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Joe PagettaJanuary 07, 2022
Two wedding rings laying on a table.(iStock)

When I walked into a Catholic church in downtown Nashville, Tenn., on Ash Wednesday in 2019, I was having a crisis of denomination. Results of a grand jury investigation into sexual abuse in the Catholic Church in Pennsylvania had been released in the late summer of the year before, and the report was devastating. I stayed up all night reading it the day it was released. I was sick and disturbed and angry.

I was not alone. A Gallup survey conducted that same month revealed that 37 percent of American Catholics said the news of sexual abuse had them re-examining their religion, up from 22 percent seven years earlier.

Yet there I was at Ash Wednesday Mass. I planned to observe Lent whether or not I was a practicing Catholic. I could not recall a time I didn’t get ashes. The service was uplifting. The cantor’s voice was striking. During my reflection after Communion, I had a revelation. I could not leave the Catholic Church. It was my church, my birthright. And it needed me. Becoming an Episcopalian or an Anglican would be like declaring myself no longer Italian American, no longer an American. My heart was full of joy and determination for the season.

“You know you are not supposed to receive Communion if you are remarried,” the pastor said.

As I left the church and walked out into the daylight of Fifth Avenue, the pastor pulled me aside. “Did you ever get that annulment?” he asked. I replied that I had not, but was still thinking about it. “You know you are not supposed to receive Communion if you are remarried,” he said. He was chastising me for doing what I’d been doing for at least the year I’d been attending his church on weekdays, across from the museum where I worked. Why he chose that day and that moment during such a fraught time for the church, I’ll never know.

Two Churches

I was not completely dismissive of an annulment. I had approached that same priest at a different parish more than five years earlier about marrying my second wife, Keri, in the church. After limited inquiry, he informed me I needed an annulment. The grounds he suggested—of the 14 possible—was untenable to me, as I perceived it would be hurtful to my first wife. I understood his suggestion to be the only grounds applicable to my situation, so I dismissed it and was told that I would not be able to receive Communion at what was then his parish. I married Keri in a backyard ceremony officiated by a joyful woman who goes by the name of Golden Dolphin. We were surrounded by the love of family and friends. I changed parishes.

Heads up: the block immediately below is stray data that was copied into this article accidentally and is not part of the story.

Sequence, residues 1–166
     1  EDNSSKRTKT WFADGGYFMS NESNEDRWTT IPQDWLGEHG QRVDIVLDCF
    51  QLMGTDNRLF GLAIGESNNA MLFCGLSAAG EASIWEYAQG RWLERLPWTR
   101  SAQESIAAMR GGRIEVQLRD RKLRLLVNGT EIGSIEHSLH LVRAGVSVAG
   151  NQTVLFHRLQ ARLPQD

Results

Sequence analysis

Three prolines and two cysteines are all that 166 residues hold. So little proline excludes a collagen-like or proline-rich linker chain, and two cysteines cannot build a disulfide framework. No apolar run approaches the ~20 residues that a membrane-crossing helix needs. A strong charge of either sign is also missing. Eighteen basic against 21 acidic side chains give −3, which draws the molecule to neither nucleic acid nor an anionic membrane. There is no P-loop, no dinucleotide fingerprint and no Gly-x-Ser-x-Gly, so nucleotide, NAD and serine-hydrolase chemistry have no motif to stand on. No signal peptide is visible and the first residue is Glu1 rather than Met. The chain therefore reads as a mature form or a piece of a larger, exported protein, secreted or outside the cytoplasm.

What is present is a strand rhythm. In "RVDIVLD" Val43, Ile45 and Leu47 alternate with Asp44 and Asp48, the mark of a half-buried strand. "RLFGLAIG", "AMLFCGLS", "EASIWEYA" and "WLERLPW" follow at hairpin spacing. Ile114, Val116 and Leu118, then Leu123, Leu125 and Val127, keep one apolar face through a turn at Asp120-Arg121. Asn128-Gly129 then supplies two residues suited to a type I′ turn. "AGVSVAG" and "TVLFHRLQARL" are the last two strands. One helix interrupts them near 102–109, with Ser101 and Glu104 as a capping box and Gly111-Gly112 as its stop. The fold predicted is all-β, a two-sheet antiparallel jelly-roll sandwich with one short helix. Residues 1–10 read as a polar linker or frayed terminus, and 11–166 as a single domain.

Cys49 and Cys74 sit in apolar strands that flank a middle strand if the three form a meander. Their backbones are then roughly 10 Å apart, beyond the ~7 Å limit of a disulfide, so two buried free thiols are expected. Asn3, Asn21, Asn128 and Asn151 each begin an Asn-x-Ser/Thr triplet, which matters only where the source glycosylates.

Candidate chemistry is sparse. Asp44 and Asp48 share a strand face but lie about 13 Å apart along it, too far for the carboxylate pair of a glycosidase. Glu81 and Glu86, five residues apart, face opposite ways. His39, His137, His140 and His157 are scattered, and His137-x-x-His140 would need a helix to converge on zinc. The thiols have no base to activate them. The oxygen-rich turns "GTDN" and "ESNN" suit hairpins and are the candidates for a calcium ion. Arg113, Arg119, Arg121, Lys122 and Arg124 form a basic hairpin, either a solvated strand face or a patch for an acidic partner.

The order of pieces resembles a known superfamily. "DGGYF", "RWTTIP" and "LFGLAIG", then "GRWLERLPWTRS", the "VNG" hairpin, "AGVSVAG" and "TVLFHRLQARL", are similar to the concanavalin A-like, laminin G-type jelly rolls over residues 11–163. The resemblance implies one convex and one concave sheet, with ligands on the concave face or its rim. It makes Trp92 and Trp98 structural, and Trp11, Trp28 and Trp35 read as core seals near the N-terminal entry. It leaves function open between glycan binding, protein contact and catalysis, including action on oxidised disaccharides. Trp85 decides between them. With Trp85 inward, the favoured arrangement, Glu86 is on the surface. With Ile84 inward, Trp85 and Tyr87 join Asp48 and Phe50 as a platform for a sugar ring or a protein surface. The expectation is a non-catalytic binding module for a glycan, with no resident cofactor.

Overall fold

“There are two Catholic Churches,” wrote the late Catholic writer Brian Doyle in his essay, “A Prayer for You and Yours.” “One a noun and one a verb, one a corporation and the other a wild idea held in the hearts of millions of people who are utterly uninterested in authority and power and rules and regulations, and very interested in finding ways to walk through the bruises of life with grace and humility.”

Most of us experience and practice our Catholicism as an action and a way of living in this world. Seeking an annulment is a direct collision with the corporate church.

Most of us, I believe, experience and practice our Catholicism in the latter form, as an action and a way of living in this world. Our confrontation with the corporation is limited. A grand jury investigation, perhaps, reminds us that it is there. Seeking an annulment is a direct collision with it.

I did not have to approach that priest before I married Keri, and I had no internal conflict receiving Communion after. In my mind, I was right with God, at peace in my own soul over my divorce and second marriage. But being pulled aside reminded me that I was not right with my church, however wrong I thought it was. O.K., I thought, let’s see where this goes.

A Painful Process

I met with my own pastor in the fall of 2019 to explore next steps. He was full of grace, empathy and understanding. Together we settled on grounds for the annulment: “total willful exclusion of marriage,” even though I wasn’t entirely sure what that meant. Perhaps my first wife had entered the marriage without the full intention of staying in it.